We left Atlanta and spent the next day connecting with the Thames and Boudicca and supporting in our own tired way the Iraq war protestors outside the Houses of Parliament. There's a charming photo of my travel companions giving the statue of Oliver Cromwell a one-fingered salute. But it was in the West Country that the real journey began, in lands steeped with Celtic legend and pre-Celtic ruins.
We took the train from Paddington Station to Bristol and passed white horses rampant on the greening hills. We picked up a car at the airport outside Bristol and began our sojourn into the West Country with a stop at Tintagel and Boscastle. Penzance was our destination for the evening and we arrived there already full of the energies and sights and smells of the area.
In our three weeks in Cornwall, Wales and Ireland, we saw amazing sites and felt remarkable spirits abroad in the land. In one day alone, we did our dawn ritual inside Stonehenge, traveled to Avebury, the Ridgeway and Silbury Hill and finished the afternoon with a ritual (including libations) to Sulis Minerva in her sacred precinct at Bath.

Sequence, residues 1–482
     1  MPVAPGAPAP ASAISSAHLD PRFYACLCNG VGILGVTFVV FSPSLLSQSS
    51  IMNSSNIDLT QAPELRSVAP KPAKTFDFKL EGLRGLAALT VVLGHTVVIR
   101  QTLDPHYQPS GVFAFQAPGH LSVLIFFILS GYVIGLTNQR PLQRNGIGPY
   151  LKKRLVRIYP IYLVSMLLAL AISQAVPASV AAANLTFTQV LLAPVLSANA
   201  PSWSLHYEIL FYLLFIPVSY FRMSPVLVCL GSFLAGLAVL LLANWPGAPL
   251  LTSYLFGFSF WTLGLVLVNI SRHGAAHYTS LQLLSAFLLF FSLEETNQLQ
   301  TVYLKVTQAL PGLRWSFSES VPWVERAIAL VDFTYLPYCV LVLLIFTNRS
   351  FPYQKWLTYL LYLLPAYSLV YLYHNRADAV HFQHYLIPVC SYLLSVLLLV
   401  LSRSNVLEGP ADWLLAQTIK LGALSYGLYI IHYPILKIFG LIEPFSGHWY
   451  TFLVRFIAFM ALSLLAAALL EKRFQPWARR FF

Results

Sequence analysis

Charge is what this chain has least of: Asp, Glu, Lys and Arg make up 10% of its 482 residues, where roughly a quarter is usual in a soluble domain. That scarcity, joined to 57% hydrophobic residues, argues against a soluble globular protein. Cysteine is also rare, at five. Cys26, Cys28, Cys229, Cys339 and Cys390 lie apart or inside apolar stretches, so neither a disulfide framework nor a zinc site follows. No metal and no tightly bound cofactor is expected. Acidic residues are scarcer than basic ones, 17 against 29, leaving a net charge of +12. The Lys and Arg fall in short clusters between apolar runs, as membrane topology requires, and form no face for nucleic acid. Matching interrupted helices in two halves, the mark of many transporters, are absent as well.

I can't tell you how important and life-changing this trip was for me at this time in my life, both temporal and spiritual. And while I realize not every American Pagan has the resources for this sort of pilgrimage, I encourage each and every one of you to take up your staff and become a pilgrim in whatever way seems appropriate for you. See the world with new eyes, even if it's the world of a familiar city park or the apple tree in your own backyard. Go outside, onto the breast of our Mother, and see what riches lie spread before you.
But if you can swing it and your heart tells you it's the right place and the right time, if you lean toward the ancient Celts and their predecessors for your spiritual juiciness, then take yourself to the homelands. Eat the food, touch the dirt, drink the beer, experience the terror and joy and transcendence of opening yourself fully to your world, your Ancestors and your Gods. It will change you in ways you cannot even guess from the comfort of your computer chair.